By Doug Marman
Photo by Nick Cowie
“The old skin has to be shed before the new one can come,” says Joseph Campbell, the famous teacher of mythology, referring to the ancient symbol of snakes shedding their skin as a metaphor for inner growth. “If you want resurrection, you must have crucifixion…We must be willing to get rid of the life we’ve planned, so as to have the life that is waiting for us.”1
However, it is easy to overlook how difficult this process actually is. We must die and let go of what we are before we can enter into our next stage of growth. It is a rebirth. But, who would ever want to go through the death of everything they know? This is not something that comes because we are seeking it. It erupts upon us. We have no choice but to shed our old skin or die.
Medicine Grizzly Bear, an American Indian shaman, once described his struggles to me, about how much suffering he went through until he accepted the changes he needed to make. He felt as if he was at the brink of death, before he broke through.
He grew up a typical American boy. He went through school, received a degree and was teaching in college, when he suddenly began getting sick with one illness after another.
He would recover, only to find himself with some strange new problem that was even more debilitating. At the same time his dreams began to scare him with images of dying, mingled with scenes from Indian teaching stories he had grown up with. The problems got worse, until he wondered if he was going insane.
He had forgotten the religious teachings he had been raised on. However, once he realized that medical doctors couldn’t understand what he was going through, and that he desperately had to do something, he decided to call on a medicine man to see if they could help.
They immediately recognized what he was going through: He was being called to become a medicine man, himself. He was told that he had no choice. If he didn’t listen he would probably die or go crazy. The moment he began accepting this possibility, his whole situation changed and he began recovering immediately.
Shamans have called themselves the Wounded Ones, because they were forced to go through grave difficulties before they could recognize that life could not be the same for them as everyone else. They had no choice. They had to shed their old skin to enter into the life that was calling them. It was their only means of survival.
We don’t hear much about the spiritual call these days, but experiences like these are just as common today. However, the challenge is often more difficult in our modern culture, because most people have nothing to help or explain what is happening. Only those who have gone through such transformations understand the meaning of it.
Photo by Michael & Christa Richert
A young lady recently found herself in tears over the mental anguish she was going through. She could not stop her mind and the fearful thoughts it was imagining. She was scared and finally broke down to tell a friend. Was she going crazy, she asked? Her friend was visibly shaken and said, yes, it sounded that way to her. But as soon as she met someone who realized what she was experiencing, and she accepted that this was happening because she was being called to the spiritual path, everything turned around.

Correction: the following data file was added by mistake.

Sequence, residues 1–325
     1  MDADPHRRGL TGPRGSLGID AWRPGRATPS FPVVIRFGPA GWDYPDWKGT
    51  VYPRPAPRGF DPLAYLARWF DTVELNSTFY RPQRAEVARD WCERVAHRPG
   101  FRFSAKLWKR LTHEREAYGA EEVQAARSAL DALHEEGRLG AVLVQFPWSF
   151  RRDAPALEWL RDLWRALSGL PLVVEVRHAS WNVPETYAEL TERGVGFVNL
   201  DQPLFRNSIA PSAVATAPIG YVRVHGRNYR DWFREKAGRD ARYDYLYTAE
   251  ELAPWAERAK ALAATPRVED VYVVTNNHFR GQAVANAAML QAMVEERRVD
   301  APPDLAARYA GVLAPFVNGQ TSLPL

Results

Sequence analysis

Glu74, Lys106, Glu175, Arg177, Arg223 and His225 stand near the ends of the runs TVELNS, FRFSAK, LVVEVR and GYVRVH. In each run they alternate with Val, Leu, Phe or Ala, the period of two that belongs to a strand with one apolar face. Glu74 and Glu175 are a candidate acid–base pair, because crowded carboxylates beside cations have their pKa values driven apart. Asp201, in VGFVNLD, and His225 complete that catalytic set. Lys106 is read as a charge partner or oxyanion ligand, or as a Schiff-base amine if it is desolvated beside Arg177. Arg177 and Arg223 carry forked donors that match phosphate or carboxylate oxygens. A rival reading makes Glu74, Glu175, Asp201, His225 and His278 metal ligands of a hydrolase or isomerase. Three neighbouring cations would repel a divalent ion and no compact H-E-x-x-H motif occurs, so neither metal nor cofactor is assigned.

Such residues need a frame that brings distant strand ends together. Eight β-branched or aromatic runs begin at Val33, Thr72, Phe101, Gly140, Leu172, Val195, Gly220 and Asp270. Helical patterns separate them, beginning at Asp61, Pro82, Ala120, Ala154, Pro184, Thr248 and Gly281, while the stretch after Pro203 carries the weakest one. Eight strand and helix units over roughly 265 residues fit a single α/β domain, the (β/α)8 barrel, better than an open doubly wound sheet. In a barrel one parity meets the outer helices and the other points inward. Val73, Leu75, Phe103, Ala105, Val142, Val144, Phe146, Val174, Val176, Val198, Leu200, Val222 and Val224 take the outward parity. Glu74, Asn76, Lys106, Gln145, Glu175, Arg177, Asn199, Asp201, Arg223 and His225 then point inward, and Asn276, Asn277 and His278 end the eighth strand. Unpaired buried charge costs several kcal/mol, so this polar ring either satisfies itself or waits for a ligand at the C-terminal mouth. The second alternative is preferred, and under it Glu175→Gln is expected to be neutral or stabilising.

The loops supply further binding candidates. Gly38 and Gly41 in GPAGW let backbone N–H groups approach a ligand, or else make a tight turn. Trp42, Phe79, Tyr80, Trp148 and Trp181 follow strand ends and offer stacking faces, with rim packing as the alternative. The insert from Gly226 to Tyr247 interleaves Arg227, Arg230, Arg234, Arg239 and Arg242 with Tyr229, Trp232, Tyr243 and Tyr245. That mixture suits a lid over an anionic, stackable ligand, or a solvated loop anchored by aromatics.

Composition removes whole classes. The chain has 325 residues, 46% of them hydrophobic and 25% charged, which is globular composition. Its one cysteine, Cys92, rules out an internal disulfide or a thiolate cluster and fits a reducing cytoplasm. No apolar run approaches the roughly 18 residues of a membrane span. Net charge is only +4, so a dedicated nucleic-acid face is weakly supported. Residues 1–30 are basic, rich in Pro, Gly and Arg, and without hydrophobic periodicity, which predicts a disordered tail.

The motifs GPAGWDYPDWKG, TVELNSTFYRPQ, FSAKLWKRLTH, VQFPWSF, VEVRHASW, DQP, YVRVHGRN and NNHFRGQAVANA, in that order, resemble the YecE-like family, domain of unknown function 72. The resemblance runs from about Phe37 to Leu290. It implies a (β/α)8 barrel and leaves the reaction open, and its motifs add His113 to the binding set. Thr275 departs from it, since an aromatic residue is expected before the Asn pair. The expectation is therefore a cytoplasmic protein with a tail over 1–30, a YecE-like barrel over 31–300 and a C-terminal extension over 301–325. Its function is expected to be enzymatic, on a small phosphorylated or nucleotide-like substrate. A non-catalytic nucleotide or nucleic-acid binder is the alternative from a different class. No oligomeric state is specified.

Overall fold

The immediate healing itself left little doubt, but once she felt better, she still tried to go back to her old life, caring little about pursuing spirituality. This is human nature to want to return to our old ways. The mental problems returned, until she accepted that she had no choice and began taking up contemplation.
A young man I spoke with not long ago had been heading toward a life of social success, just as his father had hoped. But after suffering a concussion, when he was tackled on the football field while playing quarterback in college, his whole life changed. For months he couldn’t cope. He couldn’t remember things and couldn’t hold a job. His life took a sudden nose dive, until he began to step back from the path he had been on and rethink what life was about.
That’s when he realized why the accident happened in the first place: He needed to abandon the whole life he had been trying to live. Suddenly, understanding the spiritual purpose of life became a compulsion – something he had to find out. His wounding let him shed his old self. Now, he realizes the great gift his injury has been, since he had been heading in the wrong direction.
It often takes a serious accident or illness, because who else would make such a difficult change?
A young lady with a newborn baby found herself isolated from other girls her age by the new responsibilities of being a mother. She loved her child and would never trade her baby boy for anything, but her whole life was changed.
She asked me if I could interpret a dream she had, and once I explained to her the spiritual meaning I sensed in the dream, she suddenly opened up and began talking with me about things she had never told anyone before. Her whole demeanor changed. It was like watching this huge weight being lifted off of her. She began to glow with a light that filled the room.
She had long suspected that there was something different about her. For example, why did she know how to heal herself through dreams? No one she knew could understand what she was going through; until I confirmed for her what she was experiencing.
These sudden changes in our lenses of perception allow us to see a new world that was invisible to us before. Once we shed our old skin, we can never go back. That’s the indication of real spiritual growth.
1 From: “Reflections on the Art of Living: A Joseph Campbell Companion,” by Diane K. Osbon